John Henry Twachtman, Wild Cherry Tree, c1901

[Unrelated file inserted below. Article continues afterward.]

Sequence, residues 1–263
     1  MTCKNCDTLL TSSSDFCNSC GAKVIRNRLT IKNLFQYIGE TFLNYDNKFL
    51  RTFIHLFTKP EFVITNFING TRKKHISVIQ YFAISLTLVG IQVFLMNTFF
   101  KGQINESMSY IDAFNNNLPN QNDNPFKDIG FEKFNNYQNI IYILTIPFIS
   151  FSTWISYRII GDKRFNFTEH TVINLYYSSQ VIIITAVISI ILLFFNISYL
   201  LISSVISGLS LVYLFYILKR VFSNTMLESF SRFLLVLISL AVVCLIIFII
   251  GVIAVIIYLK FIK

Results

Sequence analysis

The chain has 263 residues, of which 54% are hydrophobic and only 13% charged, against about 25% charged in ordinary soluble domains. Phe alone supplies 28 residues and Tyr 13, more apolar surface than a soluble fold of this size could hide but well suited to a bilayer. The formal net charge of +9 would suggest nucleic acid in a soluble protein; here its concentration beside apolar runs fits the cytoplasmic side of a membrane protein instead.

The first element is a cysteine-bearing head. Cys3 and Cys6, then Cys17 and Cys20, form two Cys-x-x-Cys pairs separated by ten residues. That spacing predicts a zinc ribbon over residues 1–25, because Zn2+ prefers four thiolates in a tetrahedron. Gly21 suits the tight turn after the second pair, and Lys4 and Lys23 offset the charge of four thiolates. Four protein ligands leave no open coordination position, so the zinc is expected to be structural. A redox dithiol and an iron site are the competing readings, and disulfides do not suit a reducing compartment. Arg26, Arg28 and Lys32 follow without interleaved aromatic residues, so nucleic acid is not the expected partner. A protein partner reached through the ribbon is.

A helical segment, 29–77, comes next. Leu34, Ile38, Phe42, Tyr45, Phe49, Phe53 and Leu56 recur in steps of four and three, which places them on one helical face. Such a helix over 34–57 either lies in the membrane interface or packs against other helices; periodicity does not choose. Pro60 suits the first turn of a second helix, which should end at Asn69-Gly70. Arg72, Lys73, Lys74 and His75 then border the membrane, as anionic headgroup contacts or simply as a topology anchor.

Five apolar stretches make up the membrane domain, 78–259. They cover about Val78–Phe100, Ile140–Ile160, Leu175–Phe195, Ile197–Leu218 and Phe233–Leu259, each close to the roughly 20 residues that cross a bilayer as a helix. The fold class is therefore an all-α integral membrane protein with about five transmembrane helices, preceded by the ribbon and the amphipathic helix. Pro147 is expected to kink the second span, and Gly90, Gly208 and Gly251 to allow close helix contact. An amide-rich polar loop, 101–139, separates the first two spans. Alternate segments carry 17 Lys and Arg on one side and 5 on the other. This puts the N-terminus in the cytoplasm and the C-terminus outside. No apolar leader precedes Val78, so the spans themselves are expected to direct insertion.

John Henry Twachtman (1853-1902) was an American painter known for his Impressionist landscapes. Born in Cincinnati, Twachtman received early training there before going to Europe to study at the Academy of Fine Arts in Munich and then at the Académie Julian in Paris. His earliest work shows a fairly standard American style of landscape painting, but he soon developed a very personal style of loose brushwork and powerful atmosphere. Many of his works have a cast of Tonalism, and American technique wherein the artist employs a veil of misty color. Although he did few figure paintings, he demonstrates skill there as well. His landscapes show a deep appreciation for the natural world. Wild Cherry Tree is in some ways quite in line with Twachtman's style and career, but there is something unusual and singular about it as well. The focus and composition are somewhat odd, with the tree placed so near the foreground and blocking the other elements of the scene. Perhaps most striking is the use of black brushstrokes at the edges of the foliage, which seems to particularly emphasize the wildness of the cherry tree. While there is a suggestion of wind in the corresponding slant of the tree, grass, clouds, and water, it almost seems like that movement is caused by the power of the tree, pulling the rest with it. Meanwhile, Twachtman includes a small village that is obscured and dwarfed by the tree. All of these elements create a piece of great power and interest, where we want to stay and watch this intense tree sway in the wind. It also worth noting that the blossoms are widely considered the most beautiful part of a cherry tree, but Twachtman chose to paint one not in bloom, so that the green and black of the leaves become central and hold our interest instead.
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